The Brabham BT49 /ˈbræbəm/ is a Formula One racing car designed by South African Gordon Murray for the British Brabham team. The BT49 competed in the 1979 to 1982 Formula One World Championships and was used by Brazilian driver Nelson Piquet to win his first World Championship in 1981.
The car was initially designed in 1979 as a short notice replacement for the team's Alfa Romeo-engined BT48, after Brabham team owner Bernie Ecclestone decided to end his relationship with the Italian engine manufacturer. The BT49 was created in only six weeks using elements of the BT48 chassis together with the widely used Cosworth DFV engine. The monocoque chassis is made from aluminium alloy and carbon fibre composites. The car was fitted with controversial hydropneumatic suspension and water-cooled brakes at different points in its life.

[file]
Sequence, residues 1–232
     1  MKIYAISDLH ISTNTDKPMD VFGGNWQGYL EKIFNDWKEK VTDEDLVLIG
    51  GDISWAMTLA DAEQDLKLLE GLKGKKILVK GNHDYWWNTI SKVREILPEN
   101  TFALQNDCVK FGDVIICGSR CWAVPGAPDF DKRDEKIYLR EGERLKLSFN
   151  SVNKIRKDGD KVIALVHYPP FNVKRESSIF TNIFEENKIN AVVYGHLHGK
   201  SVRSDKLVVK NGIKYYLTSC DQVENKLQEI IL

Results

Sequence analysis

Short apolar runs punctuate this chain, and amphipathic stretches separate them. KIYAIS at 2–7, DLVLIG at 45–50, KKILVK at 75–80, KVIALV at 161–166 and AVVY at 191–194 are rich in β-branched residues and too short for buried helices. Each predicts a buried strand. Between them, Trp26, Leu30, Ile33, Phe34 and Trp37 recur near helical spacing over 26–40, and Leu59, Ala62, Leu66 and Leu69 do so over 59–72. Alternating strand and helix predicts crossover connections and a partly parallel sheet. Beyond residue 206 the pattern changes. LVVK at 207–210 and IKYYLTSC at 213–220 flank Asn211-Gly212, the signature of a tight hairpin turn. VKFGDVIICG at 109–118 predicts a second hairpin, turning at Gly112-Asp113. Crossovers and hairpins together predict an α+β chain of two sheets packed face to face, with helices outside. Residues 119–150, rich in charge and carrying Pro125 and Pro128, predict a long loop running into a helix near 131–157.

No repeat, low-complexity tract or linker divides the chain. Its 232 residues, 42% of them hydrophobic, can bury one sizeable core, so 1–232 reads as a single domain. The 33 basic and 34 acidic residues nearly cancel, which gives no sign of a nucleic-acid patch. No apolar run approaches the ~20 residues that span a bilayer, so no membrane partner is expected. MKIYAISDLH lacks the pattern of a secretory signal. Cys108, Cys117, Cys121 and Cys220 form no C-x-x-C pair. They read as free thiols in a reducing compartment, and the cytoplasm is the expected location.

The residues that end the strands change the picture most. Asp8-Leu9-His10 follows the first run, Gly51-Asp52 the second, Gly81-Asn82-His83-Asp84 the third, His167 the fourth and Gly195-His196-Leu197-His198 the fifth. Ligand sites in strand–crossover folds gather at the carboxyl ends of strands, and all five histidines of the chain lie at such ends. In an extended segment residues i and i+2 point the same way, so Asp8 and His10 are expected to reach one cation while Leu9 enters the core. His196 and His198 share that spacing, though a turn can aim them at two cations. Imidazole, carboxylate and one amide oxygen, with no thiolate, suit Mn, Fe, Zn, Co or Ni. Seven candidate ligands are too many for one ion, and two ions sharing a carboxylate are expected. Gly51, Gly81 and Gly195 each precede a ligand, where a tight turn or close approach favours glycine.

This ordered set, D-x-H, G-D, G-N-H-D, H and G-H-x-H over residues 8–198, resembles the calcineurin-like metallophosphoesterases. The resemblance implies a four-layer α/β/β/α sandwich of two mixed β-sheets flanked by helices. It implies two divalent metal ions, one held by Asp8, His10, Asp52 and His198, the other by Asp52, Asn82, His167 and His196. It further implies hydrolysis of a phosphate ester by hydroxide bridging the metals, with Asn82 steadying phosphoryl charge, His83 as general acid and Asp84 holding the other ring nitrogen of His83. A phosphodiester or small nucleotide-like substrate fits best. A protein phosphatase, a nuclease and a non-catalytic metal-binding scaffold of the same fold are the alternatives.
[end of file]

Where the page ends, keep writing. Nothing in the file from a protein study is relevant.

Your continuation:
The BT49 was updated over four seasons taking a total of seven wins, six poles and 135 points. Seventeen were eventually built, most of which survive today. Some are used successfully in historic motorsport; Christian Glaesel won the 2005 FIA Historic Formula One Championship driving a BT49D.